The defendant was charged with threatening to commit murder and disrupting a court proceeding. After a jury trial, he was acquitted of the former but found guilty of the latter. The defendant appeals from his conviction.
The only witness at the trial was the probate judge in whose courtroom the alleged threats and disruption occurred. The jury were also provided with portions of a tape of the Probate Court proceedings.
The judge testified to the following. The proceedings in the Probate Court related to the extension of two restraining orders sought by the defendant's former wife and to the possible visitation by the defendant with his son. The defendant's former wife testified that the defendant had said to her that he hoped her father would die. When testifying on his own behalf in the Probate Court, the defendant admitted having made the statement and looked at his wife and said, "Do I hope you would die, too? I do. You're an evil person." The judge testified that this statement gave him "chills" and he told the defendant that he found it to be a direct threat to the former wife's physical safety.
The proceedings took several hours and there was a break for lunch. Sometime after the hearing resumed, the judge announced that he would extend the restraining orders, but would take the matter of visitation under advisement. The defendant interrupted and asked how long that would take. The judge indicated there was no specific time period. Thereupon, the defendant responded, "I just want to state for the record that I hope you would die, too."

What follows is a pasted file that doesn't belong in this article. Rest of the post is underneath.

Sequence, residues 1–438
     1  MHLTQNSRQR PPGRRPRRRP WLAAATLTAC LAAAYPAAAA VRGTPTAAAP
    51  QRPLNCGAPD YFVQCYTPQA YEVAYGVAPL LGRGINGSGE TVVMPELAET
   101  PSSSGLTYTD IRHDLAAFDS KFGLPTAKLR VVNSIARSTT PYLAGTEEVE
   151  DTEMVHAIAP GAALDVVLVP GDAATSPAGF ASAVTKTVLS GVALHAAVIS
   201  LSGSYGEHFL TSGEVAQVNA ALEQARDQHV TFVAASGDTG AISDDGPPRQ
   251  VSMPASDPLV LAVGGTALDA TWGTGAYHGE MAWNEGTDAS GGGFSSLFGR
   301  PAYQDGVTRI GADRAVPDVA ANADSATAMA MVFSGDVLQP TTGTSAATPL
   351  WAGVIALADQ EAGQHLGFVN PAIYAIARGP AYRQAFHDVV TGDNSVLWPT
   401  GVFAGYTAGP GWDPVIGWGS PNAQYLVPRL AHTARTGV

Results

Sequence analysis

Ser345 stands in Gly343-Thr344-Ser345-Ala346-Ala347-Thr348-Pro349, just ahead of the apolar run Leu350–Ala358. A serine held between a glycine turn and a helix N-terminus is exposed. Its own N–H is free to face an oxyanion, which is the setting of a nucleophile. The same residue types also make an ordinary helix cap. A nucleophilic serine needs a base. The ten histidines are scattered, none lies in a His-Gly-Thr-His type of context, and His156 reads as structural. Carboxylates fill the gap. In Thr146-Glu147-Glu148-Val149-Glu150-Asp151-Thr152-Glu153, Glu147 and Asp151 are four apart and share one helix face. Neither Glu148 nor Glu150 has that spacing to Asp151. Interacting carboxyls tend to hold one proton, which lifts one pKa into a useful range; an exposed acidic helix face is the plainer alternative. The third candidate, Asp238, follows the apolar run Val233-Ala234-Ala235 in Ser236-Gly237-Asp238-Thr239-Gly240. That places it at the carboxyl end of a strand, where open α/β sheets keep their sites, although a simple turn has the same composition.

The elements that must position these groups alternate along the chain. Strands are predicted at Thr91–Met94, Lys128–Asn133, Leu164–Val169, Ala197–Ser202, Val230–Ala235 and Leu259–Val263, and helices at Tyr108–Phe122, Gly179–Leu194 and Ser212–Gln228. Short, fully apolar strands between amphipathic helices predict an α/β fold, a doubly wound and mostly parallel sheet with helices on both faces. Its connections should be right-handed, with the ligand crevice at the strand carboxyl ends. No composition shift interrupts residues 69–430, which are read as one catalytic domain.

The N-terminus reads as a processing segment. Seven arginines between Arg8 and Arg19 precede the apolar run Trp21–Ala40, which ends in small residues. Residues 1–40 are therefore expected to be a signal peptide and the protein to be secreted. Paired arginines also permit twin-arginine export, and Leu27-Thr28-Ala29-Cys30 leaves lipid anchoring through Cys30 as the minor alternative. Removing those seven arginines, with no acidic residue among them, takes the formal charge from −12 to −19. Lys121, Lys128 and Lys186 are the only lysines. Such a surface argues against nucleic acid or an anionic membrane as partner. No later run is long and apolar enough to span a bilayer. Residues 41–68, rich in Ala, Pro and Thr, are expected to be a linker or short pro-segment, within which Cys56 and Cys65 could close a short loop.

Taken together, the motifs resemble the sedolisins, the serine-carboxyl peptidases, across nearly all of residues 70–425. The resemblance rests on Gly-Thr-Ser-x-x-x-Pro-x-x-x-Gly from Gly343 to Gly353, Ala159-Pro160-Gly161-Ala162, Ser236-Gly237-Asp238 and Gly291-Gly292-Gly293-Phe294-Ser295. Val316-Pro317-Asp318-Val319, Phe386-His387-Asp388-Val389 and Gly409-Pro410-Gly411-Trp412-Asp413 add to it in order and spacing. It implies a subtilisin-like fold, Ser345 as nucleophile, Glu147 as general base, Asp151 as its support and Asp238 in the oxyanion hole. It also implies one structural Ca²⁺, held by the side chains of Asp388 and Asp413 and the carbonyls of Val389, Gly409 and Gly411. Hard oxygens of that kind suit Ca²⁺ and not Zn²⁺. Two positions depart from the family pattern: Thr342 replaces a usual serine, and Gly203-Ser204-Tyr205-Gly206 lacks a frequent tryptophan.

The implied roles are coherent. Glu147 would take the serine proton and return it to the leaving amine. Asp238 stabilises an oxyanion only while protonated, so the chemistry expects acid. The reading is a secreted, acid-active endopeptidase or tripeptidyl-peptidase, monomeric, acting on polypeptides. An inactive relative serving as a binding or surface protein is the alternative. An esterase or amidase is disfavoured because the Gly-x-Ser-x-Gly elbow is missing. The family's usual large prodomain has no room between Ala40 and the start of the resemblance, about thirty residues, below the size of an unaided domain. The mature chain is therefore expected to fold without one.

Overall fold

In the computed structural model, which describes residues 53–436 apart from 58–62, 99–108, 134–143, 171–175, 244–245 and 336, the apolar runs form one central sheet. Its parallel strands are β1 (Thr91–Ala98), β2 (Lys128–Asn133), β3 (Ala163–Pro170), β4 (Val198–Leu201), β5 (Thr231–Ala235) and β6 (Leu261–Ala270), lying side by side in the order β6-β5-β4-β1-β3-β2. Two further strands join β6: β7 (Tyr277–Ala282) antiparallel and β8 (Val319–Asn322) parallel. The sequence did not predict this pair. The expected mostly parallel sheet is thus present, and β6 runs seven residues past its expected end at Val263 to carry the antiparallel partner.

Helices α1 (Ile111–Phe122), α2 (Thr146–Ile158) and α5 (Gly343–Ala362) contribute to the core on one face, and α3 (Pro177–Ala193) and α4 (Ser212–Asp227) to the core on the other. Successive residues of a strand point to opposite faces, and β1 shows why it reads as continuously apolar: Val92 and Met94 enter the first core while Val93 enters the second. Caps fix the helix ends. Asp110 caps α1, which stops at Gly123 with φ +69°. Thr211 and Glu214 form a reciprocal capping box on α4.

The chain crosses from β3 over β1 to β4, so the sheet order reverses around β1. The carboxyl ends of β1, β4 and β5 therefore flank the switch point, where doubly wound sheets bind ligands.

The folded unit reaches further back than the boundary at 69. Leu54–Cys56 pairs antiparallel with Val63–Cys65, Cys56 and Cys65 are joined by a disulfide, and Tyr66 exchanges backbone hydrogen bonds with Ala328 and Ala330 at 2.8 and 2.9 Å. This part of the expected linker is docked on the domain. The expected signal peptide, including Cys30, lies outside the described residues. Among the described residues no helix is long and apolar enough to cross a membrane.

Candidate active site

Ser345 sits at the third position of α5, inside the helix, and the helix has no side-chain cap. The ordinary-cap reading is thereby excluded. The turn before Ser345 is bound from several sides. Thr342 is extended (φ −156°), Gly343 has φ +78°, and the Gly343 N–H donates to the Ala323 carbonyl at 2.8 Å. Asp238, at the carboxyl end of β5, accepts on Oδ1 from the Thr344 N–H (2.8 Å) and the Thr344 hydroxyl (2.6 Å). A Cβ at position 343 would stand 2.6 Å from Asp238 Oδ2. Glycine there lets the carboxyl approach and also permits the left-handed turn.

The judge recessed the proceedings and the defendant was taken into custody. The judge testified that he was emotionally shaken by the statement, which he took as a threat, that he went to his office where he spent about forty-five minutes talking to the State police, and that the attorneys for the former wife and child of the defendant remained waiting for the judge to conclude the matter. Not only was the defendant's own proceeding disrupted but three other cases scheduled for pretrial hearings were also delayed.
The defendant claims that there was no disruption as the judge had concluded the matter. The judge's testimony was to the contrary as he stated that he had not yet adjourned the proceedings. See Commonwealth v. Zine, 52 Mass. App. Ct. 130 , 134 (2001). Even if this were not the case, the defendant would not prevail. Three other matters had to wait until the judge had finished his conversation with the police.
Looking at the evidence in the light most favorable to the Commonwealth, we cannot say as matter of law that court proceedings were not disrupted. Accordingly, the jury were warranted in convicting the defendant of "willful disruption of proceedings of any court." G. L. c. 268, § 13C. Compare Commonwealth v. Sholley, 432 Mass. 721 , 731-732 (2000), cert. denied, 532 U.S. 980 (2001), where the record was silent as to what impact, if any, a disturbance in the corridor (not in the courtroom) had on any court proceedings. Cf. Commonwealth v. Diamond, 46 Mass. App. Ct. 103 , 105 (1999), where a crude and vulgar comment to counsel, not to the judge, did not disrupt the court's business.
The defendant's additional claim that the verdicts were inconsistent is without merit. Not only were the verdicts not inconsistent, but "[i]n this Commonwealth 'the rule is well established in criminal cases that mere inconsistency in verdicts, one of which is an acquittal, will not render the verdict of guilty erroneous. . . .' " Commonwealth v. Robicheau, 421 Mass. 176 , 184 (1995) (citations omitted).
Paul V. Trimboli, Jr., pro se.
Thomas H. Townsend, Assistant District Attorney, for the Commonwealth.